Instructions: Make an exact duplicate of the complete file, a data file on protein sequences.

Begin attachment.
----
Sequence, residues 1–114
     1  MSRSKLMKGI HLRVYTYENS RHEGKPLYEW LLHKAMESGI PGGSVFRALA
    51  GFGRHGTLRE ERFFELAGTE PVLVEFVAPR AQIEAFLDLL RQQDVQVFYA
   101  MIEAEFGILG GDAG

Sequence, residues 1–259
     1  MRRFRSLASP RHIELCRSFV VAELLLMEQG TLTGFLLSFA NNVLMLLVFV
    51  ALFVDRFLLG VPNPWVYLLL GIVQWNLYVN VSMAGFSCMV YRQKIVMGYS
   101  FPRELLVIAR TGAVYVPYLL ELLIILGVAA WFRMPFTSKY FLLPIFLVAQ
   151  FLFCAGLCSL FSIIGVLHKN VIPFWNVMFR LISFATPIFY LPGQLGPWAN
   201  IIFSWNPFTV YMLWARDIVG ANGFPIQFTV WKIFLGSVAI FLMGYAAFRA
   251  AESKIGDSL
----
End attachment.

Sequence, residues 1–114
     1  MSRSKLMKGI HLRVYTYENS RHEGKPLYEW LLHKAMESGI PGGSVFRALA
    51  GFGRHGTLRE ERFFELAGTE PVLVEFVAPR AQIEAFLDLL RQQDVQVFYA
   101  MIEAEFGILG GDAG

Sequence, residues 1–259
     1  MRRFRSLASP RHIELCRSFV VAELLLMEQG TLTGFLLSFA NNVLMLLVFV
    51  ALFVDRFLLG VPNPWVYLLL GIVQWNLYVN VSMAGFSCMV YRQKIVMGYS
   101  FPRELLVIAR TGAVYVPYLL ELLIILGVAA WFRMPFTSKY FLLPIFLVAQ
   151  FLFCAGLCSL FSIIGVLHKN VIPFWNVMFR LISFATPIFY LPGQLGPWAN
   201  IIFSWNPFTV YMLWARDIVG ANGFPIQFTV WKIFLGSVAI FLMGYAAFRA
   251  AESKIGDSL